Senate filibusters need to be abolished

By Caleb Berry
cberry@thenorthernlight.org

In the practice of creating political spectacles there is no technique more spectacular or theatrical than the filibuster. The mere threat by a lone senator to filibuster has been enough to stop bills in their track. While dramatic, filibusters are also a dangerous tool that, when abused, threaten the function of the government, the purpose of Congress and the democratic process itself. The recent 2018 federal government shutdown is evidence of the obstructive nature of senate filibusters and illustrates that the concept has no place in an effective assembly.

The filibuster is an obstructive tactic used to keep a measure from being voted on upon the floor. A filibuster usually takes the form of either a lone senator or a coalition of senators extending debate on a measure to an extreme length in an effort to fatigue the opposition.

According to Rule XXII of the Standing Rules of the United States Senate, a supermajority of three-fifth of the senate quorum is required to end a filibuster. This means that, assuming all 100 members of the Senate are present for session, 60 senators are required to agree to bring the debate to a close, before the filibuster can be ended.

The filibuster process is an absurd tool used by those who wish to use underhanded tactics to fatigue their political opposition rather than subsistently argue the merits of the bill being considered. In September 2013, Sen. Ted Cruz from Texas delivered a 21 hour speech prior to a vote to fund provisions allotted under the Patient Protection and Affordable Care Act. For 21 hours Cruz delayed business on the Senate floor as he discussed everything from his constituents to Ashton Kutcher. Cruz talked about life, his family and in between discussing topics relevant to Congress read Green Eggs and Ham to his daughters on live television. It was a waste of time.

If a senator disagrees with the Affordable Care Act, that is acceptable, but the senator should make intelligent and dignified arguments to fight efforts that are disagreeable instead of resorting to outlandish theatrics in an attempt to wear out political opponents.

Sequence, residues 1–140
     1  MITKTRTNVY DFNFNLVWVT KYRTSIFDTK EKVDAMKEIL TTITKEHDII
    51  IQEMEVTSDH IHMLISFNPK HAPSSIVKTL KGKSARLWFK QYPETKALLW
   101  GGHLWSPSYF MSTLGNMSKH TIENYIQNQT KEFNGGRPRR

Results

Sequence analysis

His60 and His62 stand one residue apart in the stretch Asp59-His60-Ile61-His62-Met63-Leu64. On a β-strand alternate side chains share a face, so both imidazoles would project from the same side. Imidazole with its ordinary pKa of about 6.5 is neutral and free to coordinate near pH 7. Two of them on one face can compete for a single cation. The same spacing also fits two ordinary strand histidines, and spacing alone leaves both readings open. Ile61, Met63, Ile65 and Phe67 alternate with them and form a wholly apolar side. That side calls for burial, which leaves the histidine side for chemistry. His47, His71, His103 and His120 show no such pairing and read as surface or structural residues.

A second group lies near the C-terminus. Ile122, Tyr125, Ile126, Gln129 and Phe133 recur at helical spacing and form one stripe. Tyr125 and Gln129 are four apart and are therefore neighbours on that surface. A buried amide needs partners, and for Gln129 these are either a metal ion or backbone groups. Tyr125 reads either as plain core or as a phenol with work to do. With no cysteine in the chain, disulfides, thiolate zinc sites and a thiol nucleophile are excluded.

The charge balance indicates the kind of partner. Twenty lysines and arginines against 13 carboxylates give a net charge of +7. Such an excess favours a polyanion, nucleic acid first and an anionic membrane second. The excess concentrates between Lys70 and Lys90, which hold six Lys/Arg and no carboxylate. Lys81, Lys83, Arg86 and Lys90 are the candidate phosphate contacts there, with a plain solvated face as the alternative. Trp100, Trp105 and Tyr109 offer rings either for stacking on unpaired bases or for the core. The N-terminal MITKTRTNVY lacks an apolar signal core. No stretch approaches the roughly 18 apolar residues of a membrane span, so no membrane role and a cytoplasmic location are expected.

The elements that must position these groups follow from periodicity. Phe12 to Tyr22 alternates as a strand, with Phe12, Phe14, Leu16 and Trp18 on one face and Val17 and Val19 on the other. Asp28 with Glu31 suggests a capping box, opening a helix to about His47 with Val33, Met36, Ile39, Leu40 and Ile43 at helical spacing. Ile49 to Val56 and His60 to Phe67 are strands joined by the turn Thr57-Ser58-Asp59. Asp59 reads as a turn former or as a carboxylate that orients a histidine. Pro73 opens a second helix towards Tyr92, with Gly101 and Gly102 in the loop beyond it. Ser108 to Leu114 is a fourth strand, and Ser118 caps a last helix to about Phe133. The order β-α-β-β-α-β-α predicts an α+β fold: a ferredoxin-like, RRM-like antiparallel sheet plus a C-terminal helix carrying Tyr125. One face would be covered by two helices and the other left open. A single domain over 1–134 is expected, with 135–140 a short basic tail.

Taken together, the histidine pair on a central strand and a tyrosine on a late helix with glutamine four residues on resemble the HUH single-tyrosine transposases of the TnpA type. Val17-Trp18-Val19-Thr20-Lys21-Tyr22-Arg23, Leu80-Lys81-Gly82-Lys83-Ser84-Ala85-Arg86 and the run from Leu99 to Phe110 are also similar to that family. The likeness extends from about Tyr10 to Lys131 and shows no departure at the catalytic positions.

While leaders of both parties recently negotiated to pass a bill to temporarily fund our government, it is unfortunate that the matter is not fully resolved. The shutdown happened after leaders in the democratic party, chiefly Senate Minority Leader Chuck Schumer of New York, encouraged democratic senators to invoke a filibuster to stall a vote on a bill to fund the federal government. The democrats main motivation to invoke the filibuster to stall a vote on the bill was because the bill did not included a satisfactory solution concerning  Deferred Action for Childhood Arrivals program.

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Regardless of one’s opinion on DACA, or any other political issue, there is a way to go about conducting the business of government in a dignified and open way. It can be appreciated that we have democratic senators that want to keep the DACA program funded but the strategies they employed to go about this task are underhanded and have produced negative consequences. This shutdown has affected nearly a million government employees. Furloughs have been issued, soldiers have worked and trained without pay, students here on this campus have had their livelihoods affected.

If democratic senators do not wish to vote for a bill to fund the government that does not include provisions to fund DACA then they should allow the bill to go to the floor and vote no on it. Instead a coalition of  members from the minority party have banded together to keep a bill to fund our federal government from even reaching a point where it can be voted on. The filibuster process essentially allows a minority of congress to hold the Senate hostage. It is wrong to do this and members of both major parties are guilty of this.

The solution is simple, the Standing Rules of the United States Senate should be amended to implement standard time limits for debates on motions. This would ensure that senators have a reasonable amount of time to speak about importance business but not delay the democratic process.